Introduction: Rectal cancer surgery is continuously evolving. Transanal total mesorectal excision (TaTME) is a relatively new surgical approach with possible advantages in comparison to current standard surgical techniques. Several studies in recent years have validated this approach regarding safety and effectiveness. We describe our initial experience with TaTME evaluating surgical parameters, post-operative outcomes and short-term oncological outcomes. Methods: This is a retrospective study reviewing all patients who underwent TaTME in a single institution from May 2015 to April 2018. Results: The cohort included 25 patients with an average age of 60.4 (range: 40-86), of which 13 (52%) patients were male. The average body mass index was 26.1. The overall 30-day morbidity rate was 40%, with 20% (five cases) being severe complications, defined by Clavien-Dindo Grade of 3b or above. There were three major interoperative complications. Four cases (16%) required reoperation during the first 30 post-operative days. The median length of stay was 8 days. The surgery duration was on average 296 min (range: 205-510). Negative resection margins were achieved in all patients. At a median follow-up period of 14 months, there were no local recurrences, and 4 cases (16%) had a distant recurrence. Conclusion: This study describes our initial experience with TaTME, which requires a substantial learning curve to minimise complications and morbidity. Oncological outcomes as expressed by the resection margins, number of lymph nodes harvested and local recurrence rates were all comparable to previously published data.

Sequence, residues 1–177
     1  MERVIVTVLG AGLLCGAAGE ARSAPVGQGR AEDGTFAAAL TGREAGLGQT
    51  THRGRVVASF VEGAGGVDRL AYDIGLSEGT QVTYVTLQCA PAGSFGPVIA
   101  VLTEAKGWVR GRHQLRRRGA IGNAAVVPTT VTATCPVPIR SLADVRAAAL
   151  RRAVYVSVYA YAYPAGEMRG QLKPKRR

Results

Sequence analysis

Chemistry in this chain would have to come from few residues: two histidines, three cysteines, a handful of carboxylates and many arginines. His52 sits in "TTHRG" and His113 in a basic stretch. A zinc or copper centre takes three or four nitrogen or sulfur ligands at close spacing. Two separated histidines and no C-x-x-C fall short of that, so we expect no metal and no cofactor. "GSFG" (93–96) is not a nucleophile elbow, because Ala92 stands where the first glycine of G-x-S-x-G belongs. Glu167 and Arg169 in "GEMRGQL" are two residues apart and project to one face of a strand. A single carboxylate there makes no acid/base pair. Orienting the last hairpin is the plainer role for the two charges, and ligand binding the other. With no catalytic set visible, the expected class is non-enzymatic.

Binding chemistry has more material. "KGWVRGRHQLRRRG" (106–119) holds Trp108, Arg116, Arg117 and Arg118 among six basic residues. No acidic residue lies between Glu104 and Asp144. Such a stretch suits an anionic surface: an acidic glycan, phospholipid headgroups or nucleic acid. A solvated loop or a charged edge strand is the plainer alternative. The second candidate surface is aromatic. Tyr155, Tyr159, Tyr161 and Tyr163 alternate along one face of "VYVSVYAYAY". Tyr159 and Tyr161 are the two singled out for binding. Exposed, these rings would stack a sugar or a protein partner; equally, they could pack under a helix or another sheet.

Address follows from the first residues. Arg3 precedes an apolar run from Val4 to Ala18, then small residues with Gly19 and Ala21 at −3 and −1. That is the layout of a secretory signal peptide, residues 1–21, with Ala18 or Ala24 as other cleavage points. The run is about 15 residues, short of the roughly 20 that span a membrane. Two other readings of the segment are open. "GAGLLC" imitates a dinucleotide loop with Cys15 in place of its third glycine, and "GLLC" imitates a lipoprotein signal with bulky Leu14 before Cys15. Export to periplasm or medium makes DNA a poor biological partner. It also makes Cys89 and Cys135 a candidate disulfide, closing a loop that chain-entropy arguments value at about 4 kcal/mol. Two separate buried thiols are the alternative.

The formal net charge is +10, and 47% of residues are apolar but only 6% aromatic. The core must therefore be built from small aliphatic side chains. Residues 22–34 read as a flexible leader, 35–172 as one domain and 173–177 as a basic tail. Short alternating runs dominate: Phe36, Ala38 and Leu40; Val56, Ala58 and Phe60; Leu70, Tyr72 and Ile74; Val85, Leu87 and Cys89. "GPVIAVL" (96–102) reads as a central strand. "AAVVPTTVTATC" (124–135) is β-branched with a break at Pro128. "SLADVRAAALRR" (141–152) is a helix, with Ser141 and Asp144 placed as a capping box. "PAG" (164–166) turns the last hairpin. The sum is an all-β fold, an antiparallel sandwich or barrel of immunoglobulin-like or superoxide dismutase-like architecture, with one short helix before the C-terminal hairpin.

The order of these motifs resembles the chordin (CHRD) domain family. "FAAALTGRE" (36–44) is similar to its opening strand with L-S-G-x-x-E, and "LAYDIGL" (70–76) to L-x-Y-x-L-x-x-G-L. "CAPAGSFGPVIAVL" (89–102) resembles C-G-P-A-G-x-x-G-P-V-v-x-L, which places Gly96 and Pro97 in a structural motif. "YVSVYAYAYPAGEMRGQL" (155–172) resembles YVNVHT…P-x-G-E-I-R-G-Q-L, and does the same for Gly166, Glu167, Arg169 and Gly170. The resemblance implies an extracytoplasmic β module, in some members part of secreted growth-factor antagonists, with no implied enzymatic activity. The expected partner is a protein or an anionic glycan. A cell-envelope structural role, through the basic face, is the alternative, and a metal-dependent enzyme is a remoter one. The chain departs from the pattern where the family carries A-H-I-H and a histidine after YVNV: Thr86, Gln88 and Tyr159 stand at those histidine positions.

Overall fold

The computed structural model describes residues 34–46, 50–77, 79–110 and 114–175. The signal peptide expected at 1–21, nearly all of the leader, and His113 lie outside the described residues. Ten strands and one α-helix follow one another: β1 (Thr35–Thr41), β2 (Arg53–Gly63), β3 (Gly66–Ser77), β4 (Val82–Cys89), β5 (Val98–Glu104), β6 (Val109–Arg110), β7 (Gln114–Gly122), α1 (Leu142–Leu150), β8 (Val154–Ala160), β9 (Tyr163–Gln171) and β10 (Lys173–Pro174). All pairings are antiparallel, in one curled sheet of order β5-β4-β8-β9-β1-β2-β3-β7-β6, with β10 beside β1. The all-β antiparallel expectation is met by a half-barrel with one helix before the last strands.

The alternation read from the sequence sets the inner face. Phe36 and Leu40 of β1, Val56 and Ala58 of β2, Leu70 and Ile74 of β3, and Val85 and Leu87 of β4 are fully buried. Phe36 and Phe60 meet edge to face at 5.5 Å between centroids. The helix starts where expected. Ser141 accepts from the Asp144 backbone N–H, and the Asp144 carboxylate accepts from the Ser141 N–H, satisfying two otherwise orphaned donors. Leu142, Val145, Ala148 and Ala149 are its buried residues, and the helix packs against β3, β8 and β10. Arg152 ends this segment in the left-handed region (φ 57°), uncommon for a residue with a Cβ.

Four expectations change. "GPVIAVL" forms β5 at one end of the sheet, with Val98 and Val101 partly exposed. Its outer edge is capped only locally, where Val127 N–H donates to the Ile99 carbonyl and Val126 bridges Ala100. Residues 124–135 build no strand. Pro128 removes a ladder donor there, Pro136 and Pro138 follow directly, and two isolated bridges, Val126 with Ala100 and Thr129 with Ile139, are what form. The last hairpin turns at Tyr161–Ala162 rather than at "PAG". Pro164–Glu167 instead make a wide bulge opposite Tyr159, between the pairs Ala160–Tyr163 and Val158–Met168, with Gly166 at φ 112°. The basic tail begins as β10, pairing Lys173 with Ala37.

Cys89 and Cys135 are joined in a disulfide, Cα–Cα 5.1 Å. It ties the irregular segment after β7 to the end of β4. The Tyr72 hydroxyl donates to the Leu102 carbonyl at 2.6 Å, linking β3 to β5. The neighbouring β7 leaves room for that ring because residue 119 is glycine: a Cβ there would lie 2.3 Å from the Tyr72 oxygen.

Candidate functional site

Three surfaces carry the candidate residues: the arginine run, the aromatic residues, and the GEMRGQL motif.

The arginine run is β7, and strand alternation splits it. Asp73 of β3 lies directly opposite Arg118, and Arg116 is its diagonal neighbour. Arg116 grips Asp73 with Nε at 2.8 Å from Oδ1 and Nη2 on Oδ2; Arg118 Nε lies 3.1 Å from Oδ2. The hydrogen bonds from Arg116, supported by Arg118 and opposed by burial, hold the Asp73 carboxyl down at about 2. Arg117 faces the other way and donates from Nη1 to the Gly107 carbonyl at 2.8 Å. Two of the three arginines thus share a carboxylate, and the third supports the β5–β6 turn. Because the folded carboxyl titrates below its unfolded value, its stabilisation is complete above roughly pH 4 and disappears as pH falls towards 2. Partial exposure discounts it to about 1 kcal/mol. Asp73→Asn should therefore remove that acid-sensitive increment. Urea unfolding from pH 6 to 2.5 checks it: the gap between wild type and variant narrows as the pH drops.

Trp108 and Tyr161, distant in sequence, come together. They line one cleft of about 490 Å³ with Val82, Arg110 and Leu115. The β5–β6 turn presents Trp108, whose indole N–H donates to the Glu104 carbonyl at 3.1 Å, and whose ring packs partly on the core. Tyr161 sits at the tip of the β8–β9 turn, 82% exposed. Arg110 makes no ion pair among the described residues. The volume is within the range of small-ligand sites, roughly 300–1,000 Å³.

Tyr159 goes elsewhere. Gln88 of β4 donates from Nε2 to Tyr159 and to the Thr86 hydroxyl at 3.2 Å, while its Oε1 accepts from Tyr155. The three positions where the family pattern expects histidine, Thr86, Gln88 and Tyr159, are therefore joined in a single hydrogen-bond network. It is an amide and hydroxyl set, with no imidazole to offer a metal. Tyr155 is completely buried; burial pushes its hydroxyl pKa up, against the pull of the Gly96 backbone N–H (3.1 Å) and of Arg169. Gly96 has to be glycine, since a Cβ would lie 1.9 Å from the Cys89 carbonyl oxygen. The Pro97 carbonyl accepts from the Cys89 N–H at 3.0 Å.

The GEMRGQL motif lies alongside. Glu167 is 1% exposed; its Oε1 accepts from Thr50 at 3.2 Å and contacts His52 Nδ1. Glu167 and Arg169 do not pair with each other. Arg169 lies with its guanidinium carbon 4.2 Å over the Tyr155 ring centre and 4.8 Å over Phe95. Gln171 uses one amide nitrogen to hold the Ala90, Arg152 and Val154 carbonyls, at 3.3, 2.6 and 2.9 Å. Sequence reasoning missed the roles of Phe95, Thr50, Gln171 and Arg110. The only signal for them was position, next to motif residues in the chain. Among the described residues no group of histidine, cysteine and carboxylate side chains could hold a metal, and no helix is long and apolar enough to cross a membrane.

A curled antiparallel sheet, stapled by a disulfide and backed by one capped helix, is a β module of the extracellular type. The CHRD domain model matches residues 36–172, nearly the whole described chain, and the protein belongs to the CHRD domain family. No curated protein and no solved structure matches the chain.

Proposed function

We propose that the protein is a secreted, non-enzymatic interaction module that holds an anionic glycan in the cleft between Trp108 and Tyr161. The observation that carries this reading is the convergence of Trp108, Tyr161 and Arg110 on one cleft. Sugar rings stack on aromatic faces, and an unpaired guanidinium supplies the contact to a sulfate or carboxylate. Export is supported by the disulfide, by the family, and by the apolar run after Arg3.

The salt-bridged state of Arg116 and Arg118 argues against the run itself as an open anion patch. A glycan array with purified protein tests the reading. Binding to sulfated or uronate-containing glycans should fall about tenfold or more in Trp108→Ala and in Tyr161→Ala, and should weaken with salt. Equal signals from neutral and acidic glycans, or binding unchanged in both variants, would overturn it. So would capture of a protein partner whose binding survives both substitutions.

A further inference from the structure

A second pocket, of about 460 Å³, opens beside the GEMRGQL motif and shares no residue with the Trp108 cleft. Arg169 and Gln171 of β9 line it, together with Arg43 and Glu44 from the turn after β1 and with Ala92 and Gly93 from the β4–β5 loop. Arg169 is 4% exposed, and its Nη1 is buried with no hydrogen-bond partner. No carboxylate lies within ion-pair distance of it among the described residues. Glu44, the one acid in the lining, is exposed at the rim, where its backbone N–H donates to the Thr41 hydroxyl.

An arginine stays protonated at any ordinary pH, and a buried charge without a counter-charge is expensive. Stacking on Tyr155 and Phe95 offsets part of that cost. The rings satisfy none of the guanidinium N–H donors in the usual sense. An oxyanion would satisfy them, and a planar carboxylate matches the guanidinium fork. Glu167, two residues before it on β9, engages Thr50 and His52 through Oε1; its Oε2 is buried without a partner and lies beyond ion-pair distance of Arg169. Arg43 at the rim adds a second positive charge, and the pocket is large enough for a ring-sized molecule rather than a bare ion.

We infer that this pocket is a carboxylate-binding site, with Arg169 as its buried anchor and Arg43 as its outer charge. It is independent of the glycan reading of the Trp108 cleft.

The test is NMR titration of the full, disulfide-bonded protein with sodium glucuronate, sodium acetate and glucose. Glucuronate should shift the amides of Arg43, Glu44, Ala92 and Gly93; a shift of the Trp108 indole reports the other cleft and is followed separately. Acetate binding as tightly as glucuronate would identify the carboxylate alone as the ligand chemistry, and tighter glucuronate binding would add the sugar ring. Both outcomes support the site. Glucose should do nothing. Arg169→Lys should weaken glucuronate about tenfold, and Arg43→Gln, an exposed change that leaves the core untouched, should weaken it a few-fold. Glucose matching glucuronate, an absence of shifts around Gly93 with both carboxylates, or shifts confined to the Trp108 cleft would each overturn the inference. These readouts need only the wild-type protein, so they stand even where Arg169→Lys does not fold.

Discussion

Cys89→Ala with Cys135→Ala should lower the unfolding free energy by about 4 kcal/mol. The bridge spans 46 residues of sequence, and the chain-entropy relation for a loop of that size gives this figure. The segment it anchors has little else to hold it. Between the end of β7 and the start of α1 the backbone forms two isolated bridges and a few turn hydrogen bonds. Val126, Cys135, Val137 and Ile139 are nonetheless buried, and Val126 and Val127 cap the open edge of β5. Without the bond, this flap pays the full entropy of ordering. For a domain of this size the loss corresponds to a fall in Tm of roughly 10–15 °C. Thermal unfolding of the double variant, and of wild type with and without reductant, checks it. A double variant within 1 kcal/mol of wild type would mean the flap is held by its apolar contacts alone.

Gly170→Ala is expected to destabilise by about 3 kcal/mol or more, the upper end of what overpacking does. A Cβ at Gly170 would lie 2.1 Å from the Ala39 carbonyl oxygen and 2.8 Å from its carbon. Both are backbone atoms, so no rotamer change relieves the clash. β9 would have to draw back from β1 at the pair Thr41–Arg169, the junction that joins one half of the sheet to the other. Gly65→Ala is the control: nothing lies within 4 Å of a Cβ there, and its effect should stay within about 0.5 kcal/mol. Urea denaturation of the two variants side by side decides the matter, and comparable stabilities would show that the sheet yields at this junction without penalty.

- Minimally invasive rectal surgery
- rectal cancer
- transanal total mesorectal excision